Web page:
What made you want to continue the Chúpame El Dedo project after the initial live commision?

After the concert in Berlin, the record label Discrepant was interested in releasing Chúpame El Dedo, first in cassete and then in vinyl. After the record was put out, several concert offers kept coming both in Colombia and internationally.

Can you describe what your live show is like?

Nothing out of the ordinary. We just use red and yellow capes, playing the set we have. Improvisation also takes place, we add some extra material added to the tunes we already have.

How long have you and Pedro been working together? What is your relationship like?

We've been friends for a long time, we've known each other for 25 years. Our friendship began when we played together in a school band. We've made tons of jams, compositions, collaborations in several genres such as rock, jazz music and tropical, so I knew he was the one who could learn, play and help with the composition concept I had, and within the idea of Chúpame El Dedo.

How is your approach to songwriting different with Chúpame El Dedo compared to your other bands, such as Meridian Brothers?

The difference with the Meridian Brothers, is that that is a studio project, involving a lot of preparation and studio work. When we play live, we work like it's a replica of the studio stuff. Chúpame El Dedo is a prefabricated theatrical play concept put together with Pedro, it involves both of our input.

Why do you choose to work across so many different projects?

It has been more or less a tradition in the underground Bogotan/Colombian scene since the 2000s to work with several individual projects for different reasons. The scene has a lot of its roots in the university jazz scene, and as everyone knows, in the jazz scene everyone jams with everyone, and mostly individual artist-egos drive the energy and the way formats are displayed.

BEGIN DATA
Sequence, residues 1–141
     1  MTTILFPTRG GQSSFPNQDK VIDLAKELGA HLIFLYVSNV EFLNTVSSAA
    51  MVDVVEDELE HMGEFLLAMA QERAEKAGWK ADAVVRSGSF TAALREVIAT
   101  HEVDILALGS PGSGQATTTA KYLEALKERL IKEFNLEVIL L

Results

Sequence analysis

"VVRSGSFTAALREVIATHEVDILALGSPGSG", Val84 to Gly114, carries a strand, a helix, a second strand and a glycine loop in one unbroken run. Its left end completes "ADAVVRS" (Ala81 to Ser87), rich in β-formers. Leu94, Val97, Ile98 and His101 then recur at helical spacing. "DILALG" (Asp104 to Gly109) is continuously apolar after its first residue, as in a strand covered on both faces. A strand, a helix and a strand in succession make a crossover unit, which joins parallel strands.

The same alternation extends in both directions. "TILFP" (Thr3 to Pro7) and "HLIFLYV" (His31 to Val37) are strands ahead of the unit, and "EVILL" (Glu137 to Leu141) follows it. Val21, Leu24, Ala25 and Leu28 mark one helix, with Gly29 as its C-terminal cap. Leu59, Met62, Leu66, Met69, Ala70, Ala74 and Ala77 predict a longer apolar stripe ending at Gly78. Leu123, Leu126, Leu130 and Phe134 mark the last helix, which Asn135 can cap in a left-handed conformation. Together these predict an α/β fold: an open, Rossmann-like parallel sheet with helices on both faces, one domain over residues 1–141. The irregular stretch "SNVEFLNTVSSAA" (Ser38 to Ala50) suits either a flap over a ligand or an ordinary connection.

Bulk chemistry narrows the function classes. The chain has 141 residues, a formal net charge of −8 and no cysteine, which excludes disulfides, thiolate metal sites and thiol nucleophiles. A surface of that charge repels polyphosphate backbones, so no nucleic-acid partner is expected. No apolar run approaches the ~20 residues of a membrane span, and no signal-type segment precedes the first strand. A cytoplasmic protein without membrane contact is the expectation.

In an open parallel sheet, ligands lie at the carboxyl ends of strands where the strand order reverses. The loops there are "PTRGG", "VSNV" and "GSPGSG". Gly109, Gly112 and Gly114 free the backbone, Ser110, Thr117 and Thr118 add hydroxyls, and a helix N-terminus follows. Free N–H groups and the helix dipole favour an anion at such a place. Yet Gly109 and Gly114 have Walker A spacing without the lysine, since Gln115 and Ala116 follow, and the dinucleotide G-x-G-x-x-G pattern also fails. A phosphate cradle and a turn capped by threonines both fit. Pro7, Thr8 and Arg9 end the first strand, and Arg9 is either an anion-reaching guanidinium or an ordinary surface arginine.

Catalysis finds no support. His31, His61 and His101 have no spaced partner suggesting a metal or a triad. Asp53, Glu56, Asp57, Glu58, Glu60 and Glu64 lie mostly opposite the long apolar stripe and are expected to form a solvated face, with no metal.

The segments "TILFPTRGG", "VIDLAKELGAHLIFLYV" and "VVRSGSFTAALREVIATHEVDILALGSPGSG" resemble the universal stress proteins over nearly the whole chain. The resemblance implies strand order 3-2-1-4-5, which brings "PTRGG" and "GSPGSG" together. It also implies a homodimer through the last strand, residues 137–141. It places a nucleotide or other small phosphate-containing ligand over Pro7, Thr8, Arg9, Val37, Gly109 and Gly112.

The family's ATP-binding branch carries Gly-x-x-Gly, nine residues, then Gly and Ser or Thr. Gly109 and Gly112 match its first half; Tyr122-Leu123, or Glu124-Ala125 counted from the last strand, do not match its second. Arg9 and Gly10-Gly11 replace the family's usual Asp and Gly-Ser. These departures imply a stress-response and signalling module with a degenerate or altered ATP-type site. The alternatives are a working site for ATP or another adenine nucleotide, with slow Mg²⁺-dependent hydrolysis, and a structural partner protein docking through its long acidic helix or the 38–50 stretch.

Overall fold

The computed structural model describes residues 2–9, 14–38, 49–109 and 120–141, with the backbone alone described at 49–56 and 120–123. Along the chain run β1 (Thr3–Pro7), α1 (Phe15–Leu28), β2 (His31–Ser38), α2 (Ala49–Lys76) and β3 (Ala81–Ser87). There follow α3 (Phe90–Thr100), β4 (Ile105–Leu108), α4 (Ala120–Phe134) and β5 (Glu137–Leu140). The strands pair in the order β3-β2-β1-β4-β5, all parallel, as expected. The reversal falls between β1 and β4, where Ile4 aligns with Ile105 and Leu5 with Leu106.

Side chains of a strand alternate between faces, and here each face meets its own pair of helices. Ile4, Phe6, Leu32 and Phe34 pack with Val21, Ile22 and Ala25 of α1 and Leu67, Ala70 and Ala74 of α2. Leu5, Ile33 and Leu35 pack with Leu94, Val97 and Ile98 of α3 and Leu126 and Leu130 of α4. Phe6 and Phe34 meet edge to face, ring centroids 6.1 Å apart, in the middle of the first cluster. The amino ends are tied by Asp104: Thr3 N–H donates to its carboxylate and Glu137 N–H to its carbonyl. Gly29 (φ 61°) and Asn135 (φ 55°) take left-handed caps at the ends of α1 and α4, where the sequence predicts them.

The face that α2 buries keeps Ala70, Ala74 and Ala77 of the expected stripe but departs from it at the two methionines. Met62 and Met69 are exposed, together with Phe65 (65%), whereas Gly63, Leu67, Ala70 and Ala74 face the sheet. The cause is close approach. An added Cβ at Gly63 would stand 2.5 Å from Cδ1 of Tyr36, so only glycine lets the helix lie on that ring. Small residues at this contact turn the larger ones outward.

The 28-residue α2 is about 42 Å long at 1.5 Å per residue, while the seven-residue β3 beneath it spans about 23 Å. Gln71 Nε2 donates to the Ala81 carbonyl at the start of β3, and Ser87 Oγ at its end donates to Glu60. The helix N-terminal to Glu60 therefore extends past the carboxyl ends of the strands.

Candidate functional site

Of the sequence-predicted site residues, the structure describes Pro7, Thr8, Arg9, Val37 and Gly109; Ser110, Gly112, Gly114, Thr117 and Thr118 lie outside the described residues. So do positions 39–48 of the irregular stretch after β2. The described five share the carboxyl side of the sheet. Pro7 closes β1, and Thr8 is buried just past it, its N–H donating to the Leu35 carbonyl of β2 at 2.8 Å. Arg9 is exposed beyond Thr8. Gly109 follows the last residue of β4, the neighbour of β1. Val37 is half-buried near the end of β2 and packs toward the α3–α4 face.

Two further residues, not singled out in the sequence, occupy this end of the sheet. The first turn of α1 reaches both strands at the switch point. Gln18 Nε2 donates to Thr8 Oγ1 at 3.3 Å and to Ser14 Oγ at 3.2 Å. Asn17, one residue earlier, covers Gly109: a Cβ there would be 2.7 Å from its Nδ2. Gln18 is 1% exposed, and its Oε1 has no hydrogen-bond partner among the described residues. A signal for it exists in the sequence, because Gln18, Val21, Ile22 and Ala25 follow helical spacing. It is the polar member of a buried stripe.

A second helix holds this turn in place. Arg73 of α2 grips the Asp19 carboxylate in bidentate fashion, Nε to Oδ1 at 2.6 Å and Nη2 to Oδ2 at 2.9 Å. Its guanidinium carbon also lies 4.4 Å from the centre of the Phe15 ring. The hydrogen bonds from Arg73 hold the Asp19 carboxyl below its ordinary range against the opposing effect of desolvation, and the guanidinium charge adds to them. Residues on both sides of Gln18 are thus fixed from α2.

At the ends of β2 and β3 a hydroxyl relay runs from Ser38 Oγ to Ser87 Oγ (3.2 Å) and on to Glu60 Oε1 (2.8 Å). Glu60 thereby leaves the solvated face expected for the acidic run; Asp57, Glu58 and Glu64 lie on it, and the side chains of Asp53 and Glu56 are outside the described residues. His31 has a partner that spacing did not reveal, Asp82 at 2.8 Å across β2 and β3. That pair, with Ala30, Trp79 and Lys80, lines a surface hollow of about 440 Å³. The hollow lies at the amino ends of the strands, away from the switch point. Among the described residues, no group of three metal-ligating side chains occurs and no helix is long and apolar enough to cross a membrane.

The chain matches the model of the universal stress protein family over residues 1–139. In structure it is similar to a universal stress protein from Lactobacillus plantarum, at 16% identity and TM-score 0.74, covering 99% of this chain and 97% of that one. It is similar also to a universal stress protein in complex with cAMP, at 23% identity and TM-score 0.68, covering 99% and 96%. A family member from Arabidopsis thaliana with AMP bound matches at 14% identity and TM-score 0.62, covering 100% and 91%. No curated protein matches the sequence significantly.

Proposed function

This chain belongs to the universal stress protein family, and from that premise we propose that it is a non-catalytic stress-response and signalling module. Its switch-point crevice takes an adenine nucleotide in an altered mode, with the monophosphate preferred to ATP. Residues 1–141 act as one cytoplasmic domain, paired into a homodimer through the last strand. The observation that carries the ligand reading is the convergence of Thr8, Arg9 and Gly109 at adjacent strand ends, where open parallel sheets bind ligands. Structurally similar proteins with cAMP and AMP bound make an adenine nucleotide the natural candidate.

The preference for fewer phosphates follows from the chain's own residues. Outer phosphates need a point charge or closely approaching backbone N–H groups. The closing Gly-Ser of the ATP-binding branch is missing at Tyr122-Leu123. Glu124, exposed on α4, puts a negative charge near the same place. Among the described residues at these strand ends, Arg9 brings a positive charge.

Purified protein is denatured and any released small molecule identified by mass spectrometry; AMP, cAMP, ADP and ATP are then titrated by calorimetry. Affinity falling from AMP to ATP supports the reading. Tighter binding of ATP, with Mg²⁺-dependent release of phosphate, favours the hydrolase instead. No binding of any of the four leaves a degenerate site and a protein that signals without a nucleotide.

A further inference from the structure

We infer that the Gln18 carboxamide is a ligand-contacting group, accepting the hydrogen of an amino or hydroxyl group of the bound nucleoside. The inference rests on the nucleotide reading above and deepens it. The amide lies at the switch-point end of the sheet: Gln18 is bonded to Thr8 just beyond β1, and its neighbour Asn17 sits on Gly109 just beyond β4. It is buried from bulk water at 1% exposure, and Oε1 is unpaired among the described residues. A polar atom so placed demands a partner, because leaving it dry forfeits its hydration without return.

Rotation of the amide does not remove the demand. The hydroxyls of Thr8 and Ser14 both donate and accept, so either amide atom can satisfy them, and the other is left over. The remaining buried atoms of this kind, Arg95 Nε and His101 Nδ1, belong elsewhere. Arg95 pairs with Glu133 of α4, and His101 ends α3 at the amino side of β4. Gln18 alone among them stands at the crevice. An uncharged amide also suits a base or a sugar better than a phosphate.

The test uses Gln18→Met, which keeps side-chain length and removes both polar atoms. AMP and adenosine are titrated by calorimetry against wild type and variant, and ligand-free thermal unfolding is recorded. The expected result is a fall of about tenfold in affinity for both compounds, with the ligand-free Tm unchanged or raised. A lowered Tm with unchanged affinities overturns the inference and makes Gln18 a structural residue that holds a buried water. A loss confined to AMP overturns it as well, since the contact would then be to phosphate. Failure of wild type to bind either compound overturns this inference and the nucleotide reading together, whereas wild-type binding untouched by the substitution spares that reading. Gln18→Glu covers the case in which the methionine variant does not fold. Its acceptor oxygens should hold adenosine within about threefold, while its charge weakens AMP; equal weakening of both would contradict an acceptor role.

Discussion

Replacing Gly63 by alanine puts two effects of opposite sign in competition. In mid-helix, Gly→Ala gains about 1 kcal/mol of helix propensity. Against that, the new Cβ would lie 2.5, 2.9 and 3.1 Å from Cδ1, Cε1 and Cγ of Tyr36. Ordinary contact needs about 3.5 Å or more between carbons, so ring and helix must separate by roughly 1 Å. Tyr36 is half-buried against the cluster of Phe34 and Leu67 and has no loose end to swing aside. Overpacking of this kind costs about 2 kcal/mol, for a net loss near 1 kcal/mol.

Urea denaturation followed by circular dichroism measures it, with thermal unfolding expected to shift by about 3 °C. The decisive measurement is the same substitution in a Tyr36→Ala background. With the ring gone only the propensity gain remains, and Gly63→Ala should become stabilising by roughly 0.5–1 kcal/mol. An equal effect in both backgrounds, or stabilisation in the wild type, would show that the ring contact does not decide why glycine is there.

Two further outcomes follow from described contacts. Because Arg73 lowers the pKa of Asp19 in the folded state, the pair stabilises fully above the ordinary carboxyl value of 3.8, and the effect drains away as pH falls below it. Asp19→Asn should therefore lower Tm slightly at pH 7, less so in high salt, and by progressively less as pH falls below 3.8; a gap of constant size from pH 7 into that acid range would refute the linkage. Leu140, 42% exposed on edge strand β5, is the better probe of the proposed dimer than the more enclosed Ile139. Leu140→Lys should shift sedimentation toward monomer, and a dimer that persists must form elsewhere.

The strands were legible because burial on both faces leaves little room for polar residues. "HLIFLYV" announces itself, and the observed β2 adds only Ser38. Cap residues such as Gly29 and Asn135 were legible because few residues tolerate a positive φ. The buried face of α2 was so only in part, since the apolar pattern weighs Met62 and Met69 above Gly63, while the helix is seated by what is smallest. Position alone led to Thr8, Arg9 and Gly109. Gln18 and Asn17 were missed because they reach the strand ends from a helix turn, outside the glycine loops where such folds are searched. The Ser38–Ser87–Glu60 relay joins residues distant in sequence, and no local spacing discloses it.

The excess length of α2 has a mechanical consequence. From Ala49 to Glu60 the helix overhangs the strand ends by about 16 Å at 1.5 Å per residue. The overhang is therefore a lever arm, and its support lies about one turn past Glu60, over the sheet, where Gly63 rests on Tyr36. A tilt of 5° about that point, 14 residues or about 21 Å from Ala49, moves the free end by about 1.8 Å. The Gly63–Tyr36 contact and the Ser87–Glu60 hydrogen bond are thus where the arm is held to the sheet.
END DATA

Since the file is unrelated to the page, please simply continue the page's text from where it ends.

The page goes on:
After a while, standard American jazz music fell out of fashion and was replaced with the new traditional Colombian-oriented music. But the habits remained, so the bands changed their aesthetics but the musicians still wanted to play with everyone, as well as having their own project. I think it doesn't make sense for a musician of the Bogotan underground scene to play in just one project, it's weird.

How much of a history does Colombia have with genres like grindcore and metal?

Metal music is a much loved genre in the country. It has a story beginning in Medellin in the 80's and then it spread out towards the whole country. That's a well-known tale here, but there's other aspects that makes metal so loved in Colombia.